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Old November 21, 2021, 10:35 PM   #64
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This was pretty much my point, that you don't sue the individual actor when the govt is the responsible party for what happens.

There is a degree of logic to the point that no matter if an agent of the state or as private citizen, it is the individual who pulls the trigger. HOWEVER when someone is acting as an agent of the state (police, military, or "OGA") our government assumes the responsibility for their actions.

Provided that those actions are within approved rules, training and guidelines. When they are not, and the govt disapproves of them, then the individual who performed the unapproved actions is the responsible party.

In the postulated scenario, a cop shoots at a bad guy and strikes an innocent bystander vs. a private citizen defending themselves who shoots at a bad guy and strikes an innocent bystander, the physical act is the same. Someone who should not have been shot gets shot.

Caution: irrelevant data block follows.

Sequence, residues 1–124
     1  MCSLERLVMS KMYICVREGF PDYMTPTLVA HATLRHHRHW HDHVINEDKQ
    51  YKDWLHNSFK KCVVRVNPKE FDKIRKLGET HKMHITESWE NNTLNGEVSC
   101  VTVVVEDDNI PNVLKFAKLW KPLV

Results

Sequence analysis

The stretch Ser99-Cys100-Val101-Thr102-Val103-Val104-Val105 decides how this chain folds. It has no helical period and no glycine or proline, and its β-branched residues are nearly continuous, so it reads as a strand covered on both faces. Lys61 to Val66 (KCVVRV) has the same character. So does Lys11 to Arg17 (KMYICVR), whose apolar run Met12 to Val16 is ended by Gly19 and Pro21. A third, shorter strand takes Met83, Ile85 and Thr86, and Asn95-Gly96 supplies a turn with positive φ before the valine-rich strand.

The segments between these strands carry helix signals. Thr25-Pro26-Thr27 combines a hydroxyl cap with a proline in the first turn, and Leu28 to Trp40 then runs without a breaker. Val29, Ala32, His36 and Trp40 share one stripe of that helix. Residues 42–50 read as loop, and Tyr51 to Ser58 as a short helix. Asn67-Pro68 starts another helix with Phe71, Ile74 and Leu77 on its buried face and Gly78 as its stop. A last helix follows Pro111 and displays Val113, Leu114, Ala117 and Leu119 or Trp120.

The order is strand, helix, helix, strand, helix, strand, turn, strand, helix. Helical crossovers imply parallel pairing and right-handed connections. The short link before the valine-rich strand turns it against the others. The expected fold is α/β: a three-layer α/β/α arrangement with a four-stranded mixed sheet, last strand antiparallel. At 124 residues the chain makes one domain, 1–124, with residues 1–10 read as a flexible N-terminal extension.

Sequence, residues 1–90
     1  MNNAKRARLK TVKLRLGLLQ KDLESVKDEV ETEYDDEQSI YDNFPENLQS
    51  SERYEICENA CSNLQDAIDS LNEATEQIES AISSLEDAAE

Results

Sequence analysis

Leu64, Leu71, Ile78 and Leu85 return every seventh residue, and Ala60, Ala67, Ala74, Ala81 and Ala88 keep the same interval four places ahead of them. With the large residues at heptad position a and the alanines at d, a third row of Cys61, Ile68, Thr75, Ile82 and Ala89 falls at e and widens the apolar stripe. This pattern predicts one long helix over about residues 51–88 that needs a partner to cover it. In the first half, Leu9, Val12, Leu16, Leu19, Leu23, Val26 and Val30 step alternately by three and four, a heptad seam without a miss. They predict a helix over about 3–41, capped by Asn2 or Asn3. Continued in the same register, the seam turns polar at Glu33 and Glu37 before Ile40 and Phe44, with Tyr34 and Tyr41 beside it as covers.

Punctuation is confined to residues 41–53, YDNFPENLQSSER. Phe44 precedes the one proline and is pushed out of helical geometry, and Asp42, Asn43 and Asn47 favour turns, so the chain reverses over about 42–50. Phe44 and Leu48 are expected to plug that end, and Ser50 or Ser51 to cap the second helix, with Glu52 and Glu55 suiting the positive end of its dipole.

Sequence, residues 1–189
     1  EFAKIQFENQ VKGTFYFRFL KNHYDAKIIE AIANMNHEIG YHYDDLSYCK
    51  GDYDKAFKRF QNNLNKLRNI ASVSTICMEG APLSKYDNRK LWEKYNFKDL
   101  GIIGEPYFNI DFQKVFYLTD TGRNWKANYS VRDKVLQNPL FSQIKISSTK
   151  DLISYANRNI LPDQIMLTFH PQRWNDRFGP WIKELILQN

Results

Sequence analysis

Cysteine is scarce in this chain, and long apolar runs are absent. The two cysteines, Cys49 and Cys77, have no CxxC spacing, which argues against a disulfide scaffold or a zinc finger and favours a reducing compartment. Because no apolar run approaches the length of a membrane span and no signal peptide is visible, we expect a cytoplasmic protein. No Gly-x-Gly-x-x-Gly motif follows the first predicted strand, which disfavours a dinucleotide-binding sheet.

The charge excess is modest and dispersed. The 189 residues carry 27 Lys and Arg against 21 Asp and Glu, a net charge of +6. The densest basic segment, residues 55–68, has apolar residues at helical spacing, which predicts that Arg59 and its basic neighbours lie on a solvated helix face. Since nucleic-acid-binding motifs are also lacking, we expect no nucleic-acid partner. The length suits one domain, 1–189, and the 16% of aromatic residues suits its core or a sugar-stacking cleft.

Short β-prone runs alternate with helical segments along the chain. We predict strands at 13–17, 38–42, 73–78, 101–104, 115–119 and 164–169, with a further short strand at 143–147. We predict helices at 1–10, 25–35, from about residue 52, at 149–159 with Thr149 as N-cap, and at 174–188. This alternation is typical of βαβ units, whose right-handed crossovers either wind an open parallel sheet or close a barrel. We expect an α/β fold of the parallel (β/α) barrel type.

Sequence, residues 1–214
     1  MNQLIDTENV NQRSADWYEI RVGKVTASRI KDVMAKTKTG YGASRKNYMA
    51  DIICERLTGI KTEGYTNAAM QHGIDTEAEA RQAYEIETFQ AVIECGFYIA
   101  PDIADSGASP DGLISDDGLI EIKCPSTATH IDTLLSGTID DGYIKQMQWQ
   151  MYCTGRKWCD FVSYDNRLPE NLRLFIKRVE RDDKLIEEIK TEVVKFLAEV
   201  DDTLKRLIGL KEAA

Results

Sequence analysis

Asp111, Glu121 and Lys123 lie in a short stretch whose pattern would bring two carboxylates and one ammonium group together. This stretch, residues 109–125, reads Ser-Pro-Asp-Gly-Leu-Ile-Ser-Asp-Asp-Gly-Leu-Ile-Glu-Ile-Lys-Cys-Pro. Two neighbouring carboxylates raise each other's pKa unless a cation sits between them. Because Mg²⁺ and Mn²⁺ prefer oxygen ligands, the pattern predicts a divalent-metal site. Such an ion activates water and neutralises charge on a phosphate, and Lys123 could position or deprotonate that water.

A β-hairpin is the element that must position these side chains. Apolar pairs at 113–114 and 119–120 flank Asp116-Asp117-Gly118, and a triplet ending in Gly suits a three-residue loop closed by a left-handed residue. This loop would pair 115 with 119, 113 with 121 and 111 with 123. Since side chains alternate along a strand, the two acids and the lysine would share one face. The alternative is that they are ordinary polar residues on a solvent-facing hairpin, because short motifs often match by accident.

The rest of the situation is completely different, and is not treated the same under the law, and I think, correctly so. One can argue if the current way the law treats the incident is fair or just, or sufficient or insufficient, but I cannot see any basis for arguing that they are not different and so should be treated the same.
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Old November 22, 2021, 06:49 AM   #65
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Originally Posted by zukiphile View Post
....Sometimes we do things because we recognize a necessity and don't have any better ideas.
I'm not sure I've ever seen truer words.
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Old November 22, 2021, 09:08 AM   #66